Which ones do you not?

A. Read: 1. “Japan” by Caitlin Doughty
2. Also, read one of the two following fiction readings (short stories):
“Mono No Aware” by Ken Liu
“The Sea of Trees” by Rachel Swirsky
B. Answer the following questions. Make sure you include support for your ideas and opinions: direct quotations and in-text citations are required for at least some of your responses. Usually, we don’t include artificially-generated page numbers in electronic source citations.
You cannot create a Works Cited page for this assignment because you do not have all of the citation information.
Do not use any secondary (research) sources for your work, with exception to the questions that ask you to do so. Responses should express your own opinion and analysis.
1. Which character(s) do you like and/ or relate to in “Mono no Aware” or “The Sea of Trees”? Which ones do you not? Describe how the story you have selected (“Mono no Aware” or “The Sea of Trees”) begins. What is confusing to you? What is intriguing? Compare the way the story opens to the development of the story itself. What clues do you get along the way about what is important in the story?
2. Either answer A or B, depending on which short story you chose to read.
A. Although “Mono No Aware” is classified as science fiction/fantasy, it contains a number of elements and references to the real world. It also contains elements that, while fiction, are possible; these elements/things/ways of living might actually happen in our near future. Discuss what you think is real, possible, and impossible in the story: find at least one example of each. Explain why you chose each example.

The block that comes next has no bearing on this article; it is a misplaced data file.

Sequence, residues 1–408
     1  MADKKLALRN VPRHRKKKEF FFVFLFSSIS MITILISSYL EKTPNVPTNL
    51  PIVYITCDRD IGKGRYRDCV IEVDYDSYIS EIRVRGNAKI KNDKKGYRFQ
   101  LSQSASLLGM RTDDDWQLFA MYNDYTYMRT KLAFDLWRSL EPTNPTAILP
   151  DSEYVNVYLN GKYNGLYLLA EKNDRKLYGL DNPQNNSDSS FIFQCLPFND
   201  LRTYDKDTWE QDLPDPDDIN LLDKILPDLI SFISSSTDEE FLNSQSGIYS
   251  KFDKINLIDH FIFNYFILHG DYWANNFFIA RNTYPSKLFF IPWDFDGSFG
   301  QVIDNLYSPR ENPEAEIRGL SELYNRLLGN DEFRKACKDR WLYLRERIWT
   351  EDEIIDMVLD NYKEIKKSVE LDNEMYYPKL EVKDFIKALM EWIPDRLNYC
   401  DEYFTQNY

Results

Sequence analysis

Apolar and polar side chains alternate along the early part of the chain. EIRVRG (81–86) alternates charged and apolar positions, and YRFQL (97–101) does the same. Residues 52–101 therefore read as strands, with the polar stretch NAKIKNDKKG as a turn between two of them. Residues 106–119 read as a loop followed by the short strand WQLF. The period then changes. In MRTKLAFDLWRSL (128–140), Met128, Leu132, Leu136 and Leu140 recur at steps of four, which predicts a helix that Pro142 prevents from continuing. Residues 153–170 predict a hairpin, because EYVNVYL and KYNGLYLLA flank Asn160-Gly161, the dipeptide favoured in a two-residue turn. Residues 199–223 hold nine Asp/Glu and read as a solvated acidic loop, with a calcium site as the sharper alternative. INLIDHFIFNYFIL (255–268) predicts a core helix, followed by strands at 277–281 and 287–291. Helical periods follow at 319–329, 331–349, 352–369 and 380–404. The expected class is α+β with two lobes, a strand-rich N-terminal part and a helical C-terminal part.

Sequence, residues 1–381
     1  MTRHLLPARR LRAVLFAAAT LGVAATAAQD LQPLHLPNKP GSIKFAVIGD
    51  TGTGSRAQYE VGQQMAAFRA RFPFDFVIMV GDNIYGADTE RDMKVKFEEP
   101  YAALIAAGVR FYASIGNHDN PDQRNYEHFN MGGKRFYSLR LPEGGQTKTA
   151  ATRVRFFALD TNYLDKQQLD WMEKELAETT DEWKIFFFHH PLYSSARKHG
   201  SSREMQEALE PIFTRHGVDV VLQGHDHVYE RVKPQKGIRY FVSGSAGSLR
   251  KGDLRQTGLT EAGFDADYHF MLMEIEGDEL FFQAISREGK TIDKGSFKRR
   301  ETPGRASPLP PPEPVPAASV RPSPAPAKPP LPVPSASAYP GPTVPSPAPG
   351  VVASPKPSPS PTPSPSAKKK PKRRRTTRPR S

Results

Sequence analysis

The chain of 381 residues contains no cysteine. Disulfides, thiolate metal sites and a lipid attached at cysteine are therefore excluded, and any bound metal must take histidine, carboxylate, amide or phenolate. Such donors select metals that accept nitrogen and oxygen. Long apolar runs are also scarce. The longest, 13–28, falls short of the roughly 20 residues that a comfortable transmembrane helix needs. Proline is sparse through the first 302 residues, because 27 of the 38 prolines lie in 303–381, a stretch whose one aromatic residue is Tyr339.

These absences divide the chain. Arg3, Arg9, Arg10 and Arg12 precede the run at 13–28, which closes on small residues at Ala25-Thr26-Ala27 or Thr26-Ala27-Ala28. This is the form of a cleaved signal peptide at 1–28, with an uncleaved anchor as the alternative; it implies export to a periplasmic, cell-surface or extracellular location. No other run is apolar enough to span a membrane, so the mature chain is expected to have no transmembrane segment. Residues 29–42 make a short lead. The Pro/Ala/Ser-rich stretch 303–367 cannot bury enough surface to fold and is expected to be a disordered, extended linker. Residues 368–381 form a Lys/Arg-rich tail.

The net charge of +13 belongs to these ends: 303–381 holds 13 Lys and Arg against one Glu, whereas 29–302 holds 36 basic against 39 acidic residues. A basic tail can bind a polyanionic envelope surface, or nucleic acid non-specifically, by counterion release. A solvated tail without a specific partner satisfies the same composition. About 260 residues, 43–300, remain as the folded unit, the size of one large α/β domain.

B. Aokigahara (青木ヶ原), also known as the Sea of Trees (樹海, Jukai), is a real place in Japan. Some of the details in the short story, though, have been fictionalized. Find any source that gives additional real-world information about this forest. Summarize what you find out (cite your source). Compare/contrast a couple of key details with information you take from the short story.
3. In the reading “Japan,” when the author and her guide go to Ruriden, what do they find? What is it like? Compare to how similar practices are handled in the United States.
4. Compare/contrast the views of death, love, family, and the afterlife in the two readings you read.
5. What appears to be each author’s perspective on the issues being written about in each of your two readings, and how can you tell/how do you know?
6. Apply all the parts of the rhetorical situation to an analysis of “Japan.” You did this kind of analysis for a different reading earlier in the course.

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